Orca Entanglements

WMMC 2019 logoAt the World Marine Mammal Conference (9-12 December 2019, Barcelona, Spain), Dr Ingrid Visser, together with Dr Krista Hupman presented a poster about orca entanglements.

New Zealand has a high rate of orca entanglements and sadly this often results in their death.  If you find an orca that is entangled, IMMEDIATELY CALL 0800 SEE ORCA (0800 733 6722).  Do not attempt to disentangle the orca – even small bits of rope left embedded in their skin can cause a slow and painful death.  If the orca is struggling to remain afloat, SLOWLY AND CAREFULLY see if you can approach from the side or behind and hook the rope from below the animal.  Secure the rope to your vessel to take the pressure off the orca and allowing it to breath.  Do not attempt to disentangle the orca.  Await instructs over the phone, please as each situation is unique and the proper methods must be used to free the orca and ensure that it is not injured in the process.  Thank you.


The Abstract (summary) for the poster is:

The New Zealand coastal population of orca (killer whales, Orcinus orca) is classified under the
Department of Conservation (DOC) Threat Classification System as ‘Nationally Critical’, the
highest category possible.   This classification is based on, inter alia, their low population number
(fewer than 200 individuals) and the wide range of threats they face including critical habitat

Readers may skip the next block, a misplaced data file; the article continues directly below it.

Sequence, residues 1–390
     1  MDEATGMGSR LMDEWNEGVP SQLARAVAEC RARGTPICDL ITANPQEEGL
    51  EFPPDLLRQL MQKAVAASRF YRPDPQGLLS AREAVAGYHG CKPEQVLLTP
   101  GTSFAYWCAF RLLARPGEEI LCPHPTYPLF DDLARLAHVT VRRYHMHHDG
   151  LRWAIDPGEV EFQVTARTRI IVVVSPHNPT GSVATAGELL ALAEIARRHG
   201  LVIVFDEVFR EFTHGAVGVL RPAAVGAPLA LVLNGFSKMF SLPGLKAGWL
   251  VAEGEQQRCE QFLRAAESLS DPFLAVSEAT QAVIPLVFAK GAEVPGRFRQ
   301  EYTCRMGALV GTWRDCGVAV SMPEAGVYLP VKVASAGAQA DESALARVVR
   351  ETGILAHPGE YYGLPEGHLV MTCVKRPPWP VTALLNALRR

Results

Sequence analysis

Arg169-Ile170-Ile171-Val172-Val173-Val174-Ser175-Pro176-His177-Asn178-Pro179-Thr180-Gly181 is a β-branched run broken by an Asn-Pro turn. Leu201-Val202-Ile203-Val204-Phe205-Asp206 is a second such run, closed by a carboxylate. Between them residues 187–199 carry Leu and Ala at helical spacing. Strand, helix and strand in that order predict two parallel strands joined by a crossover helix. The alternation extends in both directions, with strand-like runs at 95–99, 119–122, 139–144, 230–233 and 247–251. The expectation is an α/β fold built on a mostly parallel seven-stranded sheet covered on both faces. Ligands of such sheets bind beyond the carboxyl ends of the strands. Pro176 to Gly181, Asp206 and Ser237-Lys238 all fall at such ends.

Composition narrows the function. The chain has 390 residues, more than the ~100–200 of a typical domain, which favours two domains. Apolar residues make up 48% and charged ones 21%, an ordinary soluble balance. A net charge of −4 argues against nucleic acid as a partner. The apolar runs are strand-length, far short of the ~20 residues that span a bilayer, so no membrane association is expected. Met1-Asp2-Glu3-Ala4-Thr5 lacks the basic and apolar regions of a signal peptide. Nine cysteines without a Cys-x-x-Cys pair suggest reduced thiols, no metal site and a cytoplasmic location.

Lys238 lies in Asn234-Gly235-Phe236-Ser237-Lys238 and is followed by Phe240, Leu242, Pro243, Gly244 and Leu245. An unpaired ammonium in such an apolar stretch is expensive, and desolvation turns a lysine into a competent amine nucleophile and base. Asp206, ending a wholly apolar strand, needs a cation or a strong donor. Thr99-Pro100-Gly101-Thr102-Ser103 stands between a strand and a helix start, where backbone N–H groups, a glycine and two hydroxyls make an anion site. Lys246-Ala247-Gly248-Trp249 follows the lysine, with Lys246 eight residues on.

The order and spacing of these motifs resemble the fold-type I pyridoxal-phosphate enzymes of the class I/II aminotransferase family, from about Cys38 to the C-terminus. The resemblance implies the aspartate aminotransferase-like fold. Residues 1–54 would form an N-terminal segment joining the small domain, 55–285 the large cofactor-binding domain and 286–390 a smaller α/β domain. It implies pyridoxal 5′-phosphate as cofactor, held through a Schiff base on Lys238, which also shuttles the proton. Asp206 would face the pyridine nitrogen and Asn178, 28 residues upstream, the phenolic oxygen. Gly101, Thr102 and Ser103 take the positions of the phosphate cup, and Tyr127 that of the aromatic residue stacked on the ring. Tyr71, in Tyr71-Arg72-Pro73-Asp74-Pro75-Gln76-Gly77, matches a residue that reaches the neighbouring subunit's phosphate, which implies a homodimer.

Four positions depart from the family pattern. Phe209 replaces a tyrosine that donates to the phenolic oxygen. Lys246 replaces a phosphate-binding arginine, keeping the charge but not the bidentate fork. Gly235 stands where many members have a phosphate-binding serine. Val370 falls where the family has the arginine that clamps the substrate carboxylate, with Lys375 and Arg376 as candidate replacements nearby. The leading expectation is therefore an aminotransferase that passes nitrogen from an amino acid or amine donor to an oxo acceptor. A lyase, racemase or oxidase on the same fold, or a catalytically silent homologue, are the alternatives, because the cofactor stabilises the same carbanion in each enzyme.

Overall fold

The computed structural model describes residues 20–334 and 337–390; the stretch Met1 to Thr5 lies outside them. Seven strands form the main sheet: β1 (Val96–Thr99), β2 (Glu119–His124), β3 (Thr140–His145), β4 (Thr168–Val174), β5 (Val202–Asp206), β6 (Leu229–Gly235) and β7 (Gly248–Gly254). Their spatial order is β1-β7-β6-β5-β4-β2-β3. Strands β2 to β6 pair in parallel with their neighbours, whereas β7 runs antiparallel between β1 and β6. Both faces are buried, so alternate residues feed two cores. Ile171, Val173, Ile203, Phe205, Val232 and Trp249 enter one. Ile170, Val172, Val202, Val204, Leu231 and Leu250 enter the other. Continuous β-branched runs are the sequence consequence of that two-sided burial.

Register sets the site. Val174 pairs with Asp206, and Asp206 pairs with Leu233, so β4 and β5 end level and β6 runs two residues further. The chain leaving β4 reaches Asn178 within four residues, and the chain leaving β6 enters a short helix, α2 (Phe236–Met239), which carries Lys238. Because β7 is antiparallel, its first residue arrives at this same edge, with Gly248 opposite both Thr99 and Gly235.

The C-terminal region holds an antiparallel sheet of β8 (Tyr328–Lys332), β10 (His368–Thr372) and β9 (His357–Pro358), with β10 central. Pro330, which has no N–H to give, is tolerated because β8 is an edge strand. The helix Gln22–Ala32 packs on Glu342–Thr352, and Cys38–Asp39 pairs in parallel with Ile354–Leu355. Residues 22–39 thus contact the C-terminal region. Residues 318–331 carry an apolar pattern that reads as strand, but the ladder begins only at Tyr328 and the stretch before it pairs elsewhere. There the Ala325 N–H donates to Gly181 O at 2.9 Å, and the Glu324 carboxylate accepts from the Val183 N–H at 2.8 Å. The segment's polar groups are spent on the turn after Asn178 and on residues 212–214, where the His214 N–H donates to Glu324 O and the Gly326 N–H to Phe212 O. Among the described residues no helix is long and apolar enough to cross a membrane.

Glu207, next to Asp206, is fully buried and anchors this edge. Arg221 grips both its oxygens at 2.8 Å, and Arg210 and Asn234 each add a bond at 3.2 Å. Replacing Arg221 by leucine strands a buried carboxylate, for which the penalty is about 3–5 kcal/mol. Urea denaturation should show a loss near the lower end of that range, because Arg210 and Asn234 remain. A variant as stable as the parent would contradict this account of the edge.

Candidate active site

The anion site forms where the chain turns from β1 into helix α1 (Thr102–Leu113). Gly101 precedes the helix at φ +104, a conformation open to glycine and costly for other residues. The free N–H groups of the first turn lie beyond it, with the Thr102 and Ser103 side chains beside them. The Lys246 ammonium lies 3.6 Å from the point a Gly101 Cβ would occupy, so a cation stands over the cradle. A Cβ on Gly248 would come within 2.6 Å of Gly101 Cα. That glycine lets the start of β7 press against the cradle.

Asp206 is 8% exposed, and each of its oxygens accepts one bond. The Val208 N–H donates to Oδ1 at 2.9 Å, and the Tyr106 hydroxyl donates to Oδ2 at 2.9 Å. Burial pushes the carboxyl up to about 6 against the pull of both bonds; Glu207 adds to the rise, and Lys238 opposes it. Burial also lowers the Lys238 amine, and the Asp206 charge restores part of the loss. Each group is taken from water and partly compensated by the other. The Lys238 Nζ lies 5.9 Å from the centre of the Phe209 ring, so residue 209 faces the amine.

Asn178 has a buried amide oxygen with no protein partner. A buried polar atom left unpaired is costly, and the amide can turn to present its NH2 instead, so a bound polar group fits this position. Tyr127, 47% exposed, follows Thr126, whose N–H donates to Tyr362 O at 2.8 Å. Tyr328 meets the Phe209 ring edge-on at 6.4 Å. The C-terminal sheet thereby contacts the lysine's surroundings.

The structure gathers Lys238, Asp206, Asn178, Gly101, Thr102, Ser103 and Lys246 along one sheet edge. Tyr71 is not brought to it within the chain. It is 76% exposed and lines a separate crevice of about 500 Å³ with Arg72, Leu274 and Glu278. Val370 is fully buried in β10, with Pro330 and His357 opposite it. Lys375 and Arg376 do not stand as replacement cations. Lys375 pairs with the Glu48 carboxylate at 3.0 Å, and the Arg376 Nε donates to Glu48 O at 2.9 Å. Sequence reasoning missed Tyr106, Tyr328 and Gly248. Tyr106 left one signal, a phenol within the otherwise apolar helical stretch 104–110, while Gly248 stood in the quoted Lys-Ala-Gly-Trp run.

destruction, pollution bioaccumulation, boat strikes, strandings and fisheries interactions which
include shootings as well as entanglements. The latter is of particular significance due to the high
number of events with least 21 orca (of both sexes and all age-classes including adults, juveniles and calves) becoming entangled since 1979. Entanglements have occurred in commercial fisheries gear, including gill and trawl nets, long-lines and cray-pot lines, as well as likely entanglements with private fishing gear from pots, rods and/or handlines. The outcome of these entanglements included seven confirmed deaths, another nine whose fate remains unknown (due to poor documentation) and only five who were actively disentangled and released. The DOC, although legally mandated to protect New Zealand marine mammals, did not participate in any disentanglements and instead the public and volunteer entanglement response networks responded and released them. Only one orca was photo-identified during the disentanglement process and she has been resighted on numerous occasions over the five year period since her release. To minimise entanglements of orca, easily-applied mitigation options are presented and these methods may also help reduce entanglements of other cetaceans around New Zealand. In addition to implementing mitigation options it is vital that the DOC work with the volunteer entanglement response networks to improve disentanglement rates for this Nationally Critical population to ensure its viability.

The poster is available as a pdf: